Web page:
LOS ANGELES — Grant Dayton, the Dodgers’ lefty reliever, got a nice harmless popup the other night from the Mets’ Michael Conforto.
Or so he thought.
He turned and watched the ball refuse to descend, like so many in 2017. For a second, Dayton was beginning to wonder if gravity itself had been hacked. The ball relented and fell to Chris Taylor, but all pitchers know that all the skies are unfriendly.
Going into Friday night, teams were averaging 1.28 home runs per game, a significant spike over 1.15 in 2016. That was third-most in baseball history, behind 1.17 in 2000, when the game was besotted with performance enhancers.
You don’t hear the same whispers this year, primarily because players look normal, also because there is a drug-testing program that everyone wants to think is working. But maybe those drugs weren’t the total culprit in Barry Bonds’ day either.
“We’ve been talking to the Pirates and the Brewers, their pitching coaches,” said Mets manager Terry Collins. “The seams on the ball are definitely lower. I think that’s why everybody is having blister problems all of a sudden. And there’s no question that the ball is harder.”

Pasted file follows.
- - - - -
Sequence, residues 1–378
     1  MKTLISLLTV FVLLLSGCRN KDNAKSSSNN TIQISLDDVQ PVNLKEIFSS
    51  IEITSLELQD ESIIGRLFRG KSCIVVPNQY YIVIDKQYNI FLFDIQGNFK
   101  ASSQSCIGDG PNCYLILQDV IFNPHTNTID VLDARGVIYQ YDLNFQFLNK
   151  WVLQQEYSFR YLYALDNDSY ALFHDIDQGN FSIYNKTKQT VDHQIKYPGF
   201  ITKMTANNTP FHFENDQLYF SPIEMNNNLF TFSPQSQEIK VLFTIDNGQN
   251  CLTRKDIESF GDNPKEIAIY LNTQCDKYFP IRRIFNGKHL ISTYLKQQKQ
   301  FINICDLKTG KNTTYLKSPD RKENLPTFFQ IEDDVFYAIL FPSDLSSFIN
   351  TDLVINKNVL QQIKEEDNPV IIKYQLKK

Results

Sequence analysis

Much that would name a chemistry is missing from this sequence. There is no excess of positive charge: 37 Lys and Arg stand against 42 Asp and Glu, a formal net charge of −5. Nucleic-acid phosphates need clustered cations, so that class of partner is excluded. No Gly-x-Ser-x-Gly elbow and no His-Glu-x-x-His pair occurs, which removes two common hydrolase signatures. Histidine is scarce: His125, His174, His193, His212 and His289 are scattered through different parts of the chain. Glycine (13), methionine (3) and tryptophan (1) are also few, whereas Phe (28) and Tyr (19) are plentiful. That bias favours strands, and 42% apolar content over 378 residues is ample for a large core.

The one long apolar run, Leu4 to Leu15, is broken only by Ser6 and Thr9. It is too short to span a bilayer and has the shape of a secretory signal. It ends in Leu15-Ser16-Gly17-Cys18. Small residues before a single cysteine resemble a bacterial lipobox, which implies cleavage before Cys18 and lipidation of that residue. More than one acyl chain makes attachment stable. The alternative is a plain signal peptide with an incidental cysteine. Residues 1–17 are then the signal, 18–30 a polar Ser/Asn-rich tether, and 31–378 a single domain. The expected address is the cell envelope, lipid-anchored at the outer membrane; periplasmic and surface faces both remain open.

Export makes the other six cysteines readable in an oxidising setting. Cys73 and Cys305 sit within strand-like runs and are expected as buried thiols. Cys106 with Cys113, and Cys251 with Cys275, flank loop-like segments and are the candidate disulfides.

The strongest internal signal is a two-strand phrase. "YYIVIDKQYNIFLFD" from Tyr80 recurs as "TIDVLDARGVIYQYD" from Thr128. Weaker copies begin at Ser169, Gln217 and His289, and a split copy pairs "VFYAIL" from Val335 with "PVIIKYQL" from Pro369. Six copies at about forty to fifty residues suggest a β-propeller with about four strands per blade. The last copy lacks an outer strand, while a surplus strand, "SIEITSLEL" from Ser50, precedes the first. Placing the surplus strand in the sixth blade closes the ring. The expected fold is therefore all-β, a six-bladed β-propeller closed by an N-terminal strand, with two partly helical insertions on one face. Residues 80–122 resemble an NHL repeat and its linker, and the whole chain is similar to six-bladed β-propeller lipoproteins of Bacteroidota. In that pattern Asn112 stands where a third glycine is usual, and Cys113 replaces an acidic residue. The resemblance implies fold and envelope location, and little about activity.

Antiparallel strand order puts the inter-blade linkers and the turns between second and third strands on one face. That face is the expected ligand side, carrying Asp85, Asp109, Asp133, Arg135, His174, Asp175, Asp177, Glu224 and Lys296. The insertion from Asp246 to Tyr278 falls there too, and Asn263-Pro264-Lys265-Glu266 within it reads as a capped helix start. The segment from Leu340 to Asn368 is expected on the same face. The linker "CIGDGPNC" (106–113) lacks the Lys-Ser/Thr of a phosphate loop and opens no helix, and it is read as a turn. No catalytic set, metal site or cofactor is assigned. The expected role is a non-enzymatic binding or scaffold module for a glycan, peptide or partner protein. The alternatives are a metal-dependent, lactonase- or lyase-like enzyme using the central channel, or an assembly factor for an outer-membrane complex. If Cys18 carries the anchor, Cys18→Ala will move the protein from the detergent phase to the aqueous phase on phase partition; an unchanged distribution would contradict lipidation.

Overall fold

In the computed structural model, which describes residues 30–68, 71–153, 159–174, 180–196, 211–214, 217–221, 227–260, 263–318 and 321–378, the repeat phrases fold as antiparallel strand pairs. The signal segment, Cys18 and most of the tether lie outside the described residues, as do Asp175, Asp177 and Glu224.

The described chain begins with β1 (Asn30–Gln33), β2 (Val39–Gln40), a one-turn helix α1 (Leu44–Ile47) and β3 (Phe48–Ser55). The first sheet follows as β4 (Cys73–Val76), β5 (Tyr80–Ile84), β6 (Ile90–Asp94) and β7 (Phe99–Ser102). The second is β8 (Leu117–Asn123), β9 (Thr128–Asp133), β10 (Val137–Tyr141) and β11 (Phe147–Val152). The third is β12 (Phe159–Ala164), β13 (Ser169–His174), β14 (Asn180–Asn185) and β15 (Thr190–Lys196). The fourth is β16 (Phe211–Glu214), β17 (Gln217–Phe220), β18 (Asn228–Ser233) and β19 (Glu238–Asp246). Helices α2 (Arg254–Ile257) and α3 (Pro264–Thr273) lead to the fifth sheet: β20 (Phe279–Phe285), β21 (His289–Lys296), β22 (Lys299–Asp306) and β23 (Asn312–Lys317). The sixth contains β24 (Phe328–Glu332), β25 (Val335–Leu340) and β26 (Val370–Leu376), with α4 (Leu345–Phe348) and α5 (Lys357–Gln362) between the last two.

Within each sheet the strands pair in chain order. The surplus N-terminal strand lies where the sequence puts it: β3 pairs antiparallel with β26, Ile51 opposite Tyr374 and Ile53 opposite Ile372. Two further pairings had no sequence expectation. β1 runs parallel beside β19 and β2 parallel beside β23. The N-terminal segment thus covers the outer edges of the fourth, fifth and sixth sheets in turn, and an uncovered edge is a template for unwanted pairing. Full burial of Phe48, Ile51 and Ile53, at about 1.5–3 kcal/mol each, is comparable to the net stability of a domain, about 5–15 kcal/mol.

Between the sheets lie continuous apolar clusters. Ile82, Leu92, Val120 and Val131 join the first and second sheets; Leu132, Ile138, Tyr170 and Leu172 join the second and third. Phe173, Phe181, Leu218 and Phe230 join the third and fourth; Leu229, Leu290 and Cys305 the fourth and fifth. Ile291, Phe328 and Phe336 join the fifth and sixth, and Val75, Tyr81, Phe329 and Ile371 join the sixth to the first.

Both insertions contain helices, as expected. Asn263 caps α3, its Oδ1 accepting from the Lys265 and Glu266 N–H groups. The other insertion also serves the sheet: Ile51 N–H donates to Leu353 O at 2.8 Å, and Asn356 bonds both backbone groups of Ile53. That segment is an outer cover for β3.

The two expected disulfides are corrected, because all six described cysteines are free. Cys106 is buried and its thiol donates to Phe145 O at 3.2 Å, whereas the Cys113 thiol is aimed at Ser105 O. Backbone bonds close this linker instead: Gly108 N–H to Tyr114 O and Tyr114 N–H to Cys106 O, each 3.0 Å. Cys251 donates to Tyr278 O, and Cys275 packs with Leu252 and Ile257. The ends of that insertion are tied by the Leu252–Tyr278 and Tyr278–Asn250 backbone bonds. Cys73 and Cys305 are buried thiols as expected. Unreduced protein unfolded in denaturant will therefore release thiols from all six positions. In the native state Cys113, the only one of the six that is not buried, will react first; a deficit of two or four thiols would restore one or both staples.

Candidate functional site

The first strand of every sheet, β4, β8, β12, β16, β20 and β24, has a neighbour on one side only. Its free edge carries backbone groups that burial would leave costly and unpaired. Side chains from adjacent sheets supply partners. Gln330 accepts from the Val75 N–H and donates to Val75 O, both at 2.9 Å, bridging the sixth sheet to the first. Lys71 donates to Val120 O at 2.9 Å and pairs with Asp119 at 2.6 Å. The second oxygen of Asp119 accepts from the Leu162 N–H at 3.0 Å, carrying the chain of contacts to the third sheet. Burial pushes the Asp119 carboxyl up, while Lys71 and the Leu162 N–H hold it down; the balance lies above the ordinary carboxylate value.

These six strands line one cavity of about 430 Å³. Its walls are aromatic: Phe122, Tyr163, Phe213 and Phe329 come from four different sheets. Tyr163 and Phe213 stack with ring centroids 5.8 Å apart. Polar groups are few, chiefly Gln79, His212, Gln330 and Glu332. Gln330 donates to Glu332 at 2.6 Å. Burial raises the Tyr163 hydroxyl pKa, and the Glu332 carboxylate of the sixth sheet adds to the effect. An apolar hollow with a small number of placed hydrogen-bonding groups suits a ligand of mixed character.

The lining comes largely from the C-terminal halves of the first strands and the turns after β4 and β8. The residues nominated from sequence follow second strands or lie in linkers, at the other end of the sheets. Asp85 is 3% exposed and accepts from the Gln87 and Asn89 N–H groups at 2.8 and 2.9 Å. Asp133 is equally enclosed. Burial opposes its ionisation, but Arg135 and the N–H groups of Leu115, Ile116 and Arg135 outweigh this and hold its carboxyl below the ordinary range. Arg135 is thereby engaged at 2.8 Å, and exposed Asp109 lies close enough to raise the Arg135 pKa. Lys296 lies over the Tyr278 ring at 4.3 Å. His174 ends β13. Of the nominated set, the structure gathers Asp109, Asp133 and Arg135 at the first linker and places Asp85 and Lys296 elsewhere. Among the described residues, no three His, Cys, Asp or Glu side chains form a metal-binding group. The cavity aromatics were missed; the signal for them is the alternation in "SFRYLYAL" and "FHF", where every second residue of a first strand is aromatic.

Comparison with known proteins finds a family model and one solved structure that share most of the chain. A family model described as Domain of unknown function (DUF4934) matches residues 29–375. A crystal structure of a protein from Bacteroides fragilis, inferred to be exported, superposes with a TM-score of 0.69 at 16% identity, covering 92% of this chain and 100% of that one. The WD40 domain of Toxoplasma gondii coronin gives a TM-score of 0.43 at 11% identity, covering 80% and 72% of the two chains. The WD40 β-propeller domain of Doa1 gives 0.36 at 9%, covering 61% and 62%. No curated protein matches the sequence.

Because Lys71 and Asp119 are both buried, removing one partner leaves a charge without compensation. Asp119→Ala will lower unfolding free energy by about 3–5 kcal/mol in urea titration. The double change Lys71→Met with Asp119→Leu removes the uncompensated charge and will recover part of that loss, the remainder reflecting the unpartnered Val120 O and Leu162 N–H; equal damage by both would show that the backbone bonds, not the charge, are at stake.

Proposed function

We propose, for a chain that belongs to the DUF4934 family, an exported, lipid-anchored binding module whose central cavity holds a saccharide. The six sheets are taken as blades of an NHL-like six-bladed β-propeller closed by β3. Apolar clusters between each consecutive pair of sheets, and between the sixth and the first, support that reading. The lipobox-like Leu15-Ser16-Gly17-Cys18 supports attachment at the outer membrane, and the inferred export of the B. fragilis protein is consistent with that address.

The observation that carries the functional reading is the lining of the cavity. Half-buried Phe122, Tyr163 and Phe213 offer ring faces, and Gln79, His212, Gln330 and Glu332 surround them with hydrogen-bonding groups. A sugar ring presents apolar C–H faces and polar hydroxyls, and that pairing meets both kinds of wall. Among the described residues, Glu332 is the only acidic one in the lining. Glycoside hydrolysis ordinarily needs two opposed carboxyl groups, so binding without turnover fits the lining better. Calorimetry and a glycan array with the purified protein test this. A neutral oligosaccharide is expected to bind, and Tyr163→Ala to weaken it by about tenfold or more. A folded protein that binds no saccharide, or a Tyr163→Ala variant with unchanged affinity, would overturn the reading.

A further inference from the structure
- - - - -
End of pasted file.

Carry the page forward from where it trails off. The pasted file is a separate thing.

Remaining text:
That would certainly do it. In a game preoccupied with power, with exit-velocity numbers on the scoreboards as well as pitch speed, a harder baseball would promote bigger numbers and draw more fans and viewers. The helium will intensify in the upcoming summer heat.
Dayton is familiar with major and minor league baseballs.
“The ones down there are sewn by machines,” Dayton said. “The seams are raised more than the ones here, but the main thing about them is they’re all the same. The ones here vary from ball to ball, and they’re hand-sewn. You really don’t know how they’re going to reach or what you’ll get. But they’re harder than they used to be.”
Eleven pitchers went on the disabled list between 2011 and 2016 with blister problems, most famously the Dodgers’ Rich Hill. This year the…